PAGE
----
There’s no such thing as a normal day for public relations professionals. From drafting press releases and pitching the media to managing social media accounts and responding to crises, our work varies according to client needs and many factors beyond our control.
At first glance, many of our day-to-day activities may seem unrelated, such as advising clients during a crisis and developing entertaining graphics to share on social media. Yet, there is a thread that ties together all the work we do, glue that binds the various aspects of our profession—helping others own their stories and tell them.
First and foremost, owning your story means getting in the field. We often counsel prospective new clients considering a public relations program that sitting on the sidelines means sacrificing the opportunity to speak for yourself. While tactics and strategies may differ on issues such as which mediums to use and how to engage with each audience, they are all designed to allow you to take control of your own story.
Just as crucial as agreeing to get in the game is determining a strategy—which means understanding yourself and developing a message. This phase of the process is naturally self-reflective and allows you to deeply assess your company’s mission and decide how you wish to be perceived. All that follows —content creation, interviews, social media—flows from first determining for yourself what your story is.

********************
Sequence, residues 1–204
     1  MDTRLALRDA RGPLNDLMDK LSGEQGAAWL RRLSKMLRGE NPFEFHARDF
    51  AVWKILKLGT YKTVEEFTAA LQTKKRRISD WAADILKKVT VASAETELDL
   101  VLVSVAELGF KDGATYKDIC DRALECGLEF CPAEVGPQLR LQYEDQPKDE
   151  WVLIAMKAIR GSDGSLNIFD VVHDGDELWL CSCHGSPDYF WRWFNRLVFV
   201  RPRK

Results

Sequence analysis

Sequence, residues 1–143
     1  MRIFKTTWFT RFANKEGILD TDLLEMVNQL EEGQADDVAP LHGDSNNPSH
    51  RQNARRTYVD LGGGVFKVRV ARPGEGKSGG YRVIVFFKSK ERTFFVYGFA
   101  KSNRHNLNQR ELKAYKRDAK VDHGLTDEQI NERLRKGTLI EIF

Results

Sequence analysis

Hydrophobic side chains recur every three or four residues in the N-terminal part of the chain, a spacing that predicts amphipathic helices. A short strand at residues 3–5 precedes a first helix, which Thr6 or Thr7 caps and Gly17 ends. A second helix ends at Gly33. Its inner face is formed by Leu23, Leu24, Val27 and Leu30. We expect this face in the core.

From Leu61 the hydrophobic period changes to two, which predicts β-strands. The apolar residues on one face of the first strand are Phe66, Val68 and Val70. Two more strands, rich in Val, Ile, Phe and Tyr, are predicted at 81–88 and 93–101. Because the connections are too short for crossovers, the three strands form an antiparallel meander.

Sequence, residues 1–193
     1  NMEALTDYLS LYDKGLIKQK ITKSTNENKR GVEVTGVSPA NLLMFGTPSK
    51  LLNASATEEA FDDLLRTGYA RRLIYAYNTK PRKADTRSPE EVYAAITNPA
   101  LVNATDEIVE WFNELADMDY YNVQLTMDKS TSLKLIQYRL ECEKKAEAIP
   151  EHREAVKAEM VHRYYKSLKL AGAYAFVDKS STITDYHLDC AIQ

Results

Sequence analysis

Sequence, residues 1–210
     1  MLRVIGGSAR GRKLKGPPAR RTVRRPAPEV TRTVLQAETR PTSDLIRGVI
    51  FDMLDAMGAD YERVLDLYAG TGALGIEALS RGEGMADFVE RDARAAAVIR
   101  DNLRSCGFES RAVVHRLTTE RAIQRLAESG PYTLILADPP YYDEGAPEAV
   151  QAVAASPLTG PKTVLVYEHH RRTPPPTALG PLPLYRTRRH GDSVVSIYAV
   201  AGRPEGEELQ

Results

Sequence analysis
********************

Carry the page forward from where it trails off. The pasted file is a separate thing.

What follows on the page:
There are many challenges that firms face throughout this process, but it is important to take risks and meet your audience where they are. For example, many companies have trepidation about launching a social media presence, but if your customer base is active on social media it’s important to speak to them there. Moving outside of your comfort zone to amplify your message is vital in owning it where it counts.
Fully developing and actively owning your story takes time, but it’s important to always push forward. Don’t become discouraged if a particular strategy or effort is less fruitful than expected—take both successes and disappointments in stride and be sure to learn from them.
Although presented in the context of businesses, these lessons can be applied at the individual level as well. Each of us has a story to tell—one that explains who we are, what we value and how we view the world around us. From personal and professional interactions to social media activity—we can all benefit from these key PR lessons.
Own your story.